Health officials at the center of nation’s Ebola crisis are moving into overdrive to tame widespread public fears about the disease.
The Centers for Disease Control and Prevention (CDC) has announced three new protocols in three days as it looks to assert control over the deadly virus that infected two Americans this month.
“The bottom line here is that we have to keep up our guard against Ebola,” CDC Director Dr. Tom Frieden told reporters Wednesday as he announced a three-week mandatory monitoring period for anyone traveling into the United States from West Africa.
The new protocols follow a week of brutal headlines for the CDC, which has been accused of falling down on the job after the first Ebola case was diagnosed in Dallas. The barrage of criticism prompted President Obama to cancel two days of campaign travel and appoint a special Ebola coordinator to direct the federal response.
Frieden said last week that the agency’s initial response in Dallas was not strong enough. He said the agency should have kept a closer eye on the nurses who treated that patient instead of letting them self-monitor for symptoms, which allowed them to travel publicly.
He also said the two nurses who became infected in Dallas may have been exposed to the virus because CDC’s protocols for hospital gear initially allowed for exposed skin.
But even as the agency is conceding mistakes, the public storm over the agency’s response appears to be ebbing.
With no new Ebola cases diagnosed in the U.S. in eight days and dozens of people deemed no longer at risk for contracting it, the Obama administration is looking to capitalize on the good news with a proactive approach.
Inside the nation’s hospitals, the CDC has established new guidelines for caring for Ebola patients. It now instructs nurses and doctors to wear protective gear that doesn’t expose skin, and tells them they should only put on or take off their gear while watched by trained specialists.
In addition, travelers to the U.S. from West Africa are now required to check their temperature twice daily in addition to self-monitoring for other symptoms. Those travelers are also required to enter through one of five major airports, where they are screened and questioned.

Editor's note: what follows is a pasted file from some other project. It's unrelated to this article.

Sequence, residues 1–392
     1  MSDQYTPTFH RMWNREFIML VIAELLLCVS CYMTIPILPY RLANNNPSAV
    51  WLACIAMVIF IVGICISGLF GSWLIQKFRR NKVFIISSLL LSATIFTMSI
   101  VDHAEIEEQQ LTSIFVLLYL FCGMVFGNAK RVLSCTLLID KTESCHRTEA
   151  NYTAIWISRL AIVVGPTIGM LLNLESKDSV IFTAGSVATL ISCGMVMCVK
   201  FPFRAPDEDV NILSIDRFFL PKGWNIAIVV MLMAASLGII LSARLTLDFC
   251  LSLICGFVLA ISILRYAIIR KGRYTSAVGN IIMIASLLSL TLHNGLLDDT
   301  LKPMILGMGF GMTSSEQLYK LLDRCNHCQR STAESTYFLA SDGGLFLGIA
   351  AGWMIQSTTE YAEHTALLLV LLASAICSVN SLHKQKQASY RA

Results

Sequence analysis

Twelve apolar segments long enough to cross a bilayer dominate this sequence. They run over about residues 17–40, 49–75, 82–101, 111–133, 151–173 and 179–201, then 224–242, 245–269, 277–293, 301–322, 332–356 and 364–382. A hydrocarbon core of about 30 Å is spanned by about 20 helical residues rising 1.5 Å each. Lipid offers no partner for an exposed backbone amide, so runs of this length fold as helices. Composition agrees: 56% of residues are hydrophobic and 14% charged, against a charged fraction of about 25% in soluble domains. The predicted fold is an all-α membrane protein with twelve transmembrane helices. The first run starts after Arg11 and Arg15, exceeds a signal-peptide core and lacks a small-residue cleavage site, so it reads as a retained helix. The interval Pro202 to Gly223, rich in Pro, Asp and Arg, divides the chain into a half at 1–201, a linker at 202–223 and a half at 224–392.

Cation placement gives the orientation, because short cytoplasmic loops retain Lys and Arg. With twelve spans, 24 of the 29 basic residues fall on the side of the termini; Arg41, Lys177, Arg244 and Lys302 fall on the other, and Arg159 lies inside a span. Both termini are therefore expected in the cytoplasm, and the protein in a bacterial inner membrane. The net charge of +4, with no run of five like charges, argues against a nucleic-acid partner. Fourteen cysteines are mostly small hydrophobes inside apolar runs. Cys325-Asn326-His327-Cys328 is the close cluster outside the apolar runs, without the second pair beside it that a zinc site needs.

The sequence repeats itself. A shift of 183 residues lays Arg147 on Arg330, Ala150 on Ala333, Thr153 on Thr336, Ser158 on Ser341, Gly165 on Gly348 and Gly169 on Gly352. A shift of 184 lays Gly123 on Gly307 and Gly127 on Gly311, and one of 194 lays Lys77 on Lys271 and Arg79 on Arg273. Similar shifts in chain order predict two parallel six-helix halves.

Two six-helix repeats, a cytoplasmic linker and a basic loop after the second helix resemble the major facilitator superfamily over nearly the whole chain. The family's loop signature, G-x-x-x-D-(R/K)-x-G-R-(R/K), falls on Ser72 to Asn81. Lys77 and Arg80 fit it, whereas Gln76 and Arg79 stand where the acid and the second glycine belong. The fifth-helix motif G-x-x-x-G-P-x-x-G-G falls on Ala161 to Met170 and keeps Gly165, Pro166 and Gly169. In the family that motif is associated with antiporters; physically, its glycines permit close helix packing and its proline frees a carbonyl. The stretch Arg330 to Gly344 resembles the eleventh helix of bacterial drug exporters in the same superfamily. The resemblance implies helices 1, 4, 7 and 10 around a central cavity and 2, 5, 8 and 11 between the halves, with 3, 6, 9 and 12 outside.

The rerouting, which affects hundreds of travelers each week, is a far cry from the travel ban backed by more than 70 members of Congress. But it still represents a significant shift for the administration, which before this week had not limited travel as much.
When asked Wednesday whether the Obama administration believed that the country had turned a corner in the Ebola crisis, White House press secretary Josh Earnest touted the new protocols.
“There has been a stepped up level of activity here at the federal level to deal with this issue,” Earnest told reporters, pointing to new measures by the CDC, Homeland Security and the Department of Defense.
Polls show the public trusts the U.S. response to Ebola. Just over 50 percent of people say they are confident in the government’s ability to beat the disease, though that figure has dropped 8 percentage points since the two other cases were reported in Dallas.
Still, senior Republican leaders say the new Ebola restrictions do not go far enough and continue to press for a full travel ban. The issue is likely to enter the spotlight Friday at a hearing by the House Oversight and Government Reform Committee.
House Judiciary Committee Chairman Bob GoodlatteRobert (Bob) William GoodlatteThe job of shielding journalists is not finished Bottom line No documents? Hoping for legalization? Be wary of Joe Biden MORE (R-Va.) said it is widely accepted that the current screenings would not have prevented Ebola from entering the country last month.
“I’m glad that the Obama administration is showing more concern about the possibility of people infected with Ebola entering the United States and spreading this deadly disease," Goodlatte said in a statement Tuesday. "But the administration must do more to protect Americans."
Frieden and other public health experts have warned that Ebola will remain a threat as long as the disease is ravaging parts of West Africa.
“It may look like it's leaving the front pages, but that may not be permanent, because another couple of cases emerging in the country will bring it right back,” said Dr. Irwin Redlener, director of the National Center for Disaster Preparedness at Columbia University.
“This is not going to stop being a threat to the United States until it's controlled at the roots,” he said.